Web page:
Diagnosis A complete neurological exam and medical history are needed to diagnose MS.
Glossary Introduction Multiple Sclerosis MS is the most common disabling neurological disease of young adults. It most often appears when people are between 20 to 40 years old. However, it can also affect children and older people. The course of MS is unpredictable.
A small number of those with MS will have a mild course with little to no disability, while another smaller group will have a steadily worsening disease that leads to increased disability over time.
Most people with MS, however, will have short periods of symptoms followed by long stretches of relative relief, with partial or full recovery. How does the disease begin? Why is the course of MS so different from person to person?
Is there anything we can do to prevent it?
Can it be cured? This brochure includes information about why MS develops, how it progresses, and what new therapies are being used to treat its symptoms and slow its progression. New treatments can reduce long-term disability for many people with MS.
However, there are still no cures and no clear ways to prevent MS from developing. Multiple sclerosis MS is a neuroinflammatory disease that affects myelina substance that makes up the membrane called the myelin sheath that wraps around nerve fibers axons.
Plaques can be as small as a pinhead or as large as the size of a golf ball. While MS sometimes causes severe disability, it is only rarely fatal and most people with MS have a normal life expectancy. The myelin sheath helps to speed nerve impulses traveling within the nervous system.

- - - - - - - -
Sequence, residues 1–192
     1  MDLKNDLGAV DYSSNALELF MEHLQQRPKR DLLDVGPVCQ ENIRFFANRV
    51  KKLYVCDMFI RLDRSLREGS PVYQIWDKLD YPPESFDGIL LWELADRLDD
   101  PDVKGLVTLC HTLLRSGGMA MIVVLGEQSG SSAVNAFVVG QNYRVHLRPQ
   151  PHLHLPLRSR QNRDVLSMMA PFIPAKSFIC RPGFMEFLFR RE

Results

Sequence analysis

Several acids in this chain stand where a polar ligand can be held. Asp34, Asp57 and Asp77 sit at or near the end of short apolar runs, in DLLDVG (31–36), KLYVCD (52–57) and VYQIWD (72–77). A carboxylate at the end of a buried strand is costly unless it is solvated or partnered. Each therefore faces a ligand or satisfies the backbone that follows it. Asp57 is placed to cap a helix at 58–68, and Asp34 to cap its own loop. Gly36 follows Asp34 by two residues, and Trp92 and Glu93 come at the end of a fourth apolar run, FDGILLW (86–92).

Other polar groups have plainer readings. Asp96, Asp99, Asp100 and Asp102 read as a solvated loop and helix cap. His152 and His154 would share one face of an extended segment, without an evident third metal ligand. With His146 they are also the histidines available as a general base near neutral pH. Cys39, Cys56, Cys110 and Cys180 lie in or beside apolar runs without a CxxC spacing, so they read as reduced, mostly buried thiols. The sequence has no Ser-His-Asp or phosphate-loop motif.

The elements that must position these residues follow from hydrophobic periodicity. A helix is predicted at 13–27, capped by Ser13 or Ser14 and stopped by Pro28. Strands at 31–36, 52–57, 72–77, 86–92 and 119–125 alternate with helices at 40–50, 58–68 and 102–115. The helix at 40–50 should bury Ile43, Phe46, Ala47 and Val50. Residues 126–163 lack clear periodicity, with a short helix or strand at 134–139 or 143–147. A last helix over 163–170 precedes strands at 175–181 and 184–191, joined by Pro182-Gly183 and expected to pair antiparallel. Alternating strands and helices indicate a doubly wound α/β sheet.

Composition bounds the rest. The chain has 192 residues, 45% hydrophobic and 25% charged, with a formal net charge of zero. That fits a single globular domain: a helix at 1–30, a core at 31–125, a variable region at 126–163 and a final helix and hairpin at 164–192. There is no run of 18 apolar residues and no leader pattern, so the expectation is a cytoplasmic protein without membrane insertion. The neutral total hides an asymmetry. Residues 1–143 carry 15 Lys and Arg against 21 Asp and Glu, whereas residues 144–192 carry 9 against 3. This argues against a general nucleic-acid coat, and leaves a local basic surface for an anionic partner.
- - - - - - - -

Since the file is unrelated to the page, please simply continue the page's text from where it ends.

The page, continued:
Axons are also damaged in MS, although not as extensively, or as early in the disease, as myelin.
Under normal circumstances, cells of the immune system travel in and out of the brain patrolling for infectious agents viruses, for example or unhealthy cells.
This is called the "surveillance" function of the immune system. When they do, they produce substances to stop the infectious agent. If they encounter unhealthy cells, they either kill them directly or clean out the dying area and produce substances that promote healing and repair among the cells that are left.
Researchers have observed that immune cells behave differently in the brains of people with MS.Multiple Sclerosis Treatments Introduction to Treatments for MS This section gives an overview of treatments designed to slow disease activity and progression, treat relapses, and treat symptoms.
Treatments. Treatments used to manage multiple sclerosis (MS) can be divided into several categories and can affect the disease course . Alternative Medicine & Multiple Sclerosis.
Chronic diseases like MS can often be managed and sometimes cured more effectively with alternative therapeutics than with conventional medicine. What causes multiple sclerosis? Take the multiple sclerosis (MS) quiz and learn about the signs, symptoms, treatment, diagnosis, life expectancy, and prognosis.
Managing MS is an ongoing process, beginning with the very first symptoms and continuing throughout the disease course.
It’s never too soon or too late to think about how to access high quality, comprehensive, interdisciplinary care. Secondary-progressive multiple sclerosis (SP-MS) is a form of MS that follows relapsing-remitting MS.
The majority of people diagnosed with RR-MS will eventually transition to having SP-MS. After a period of relapses (also called attacks, or exacerbations) and remissions the disease will start to progress steadily.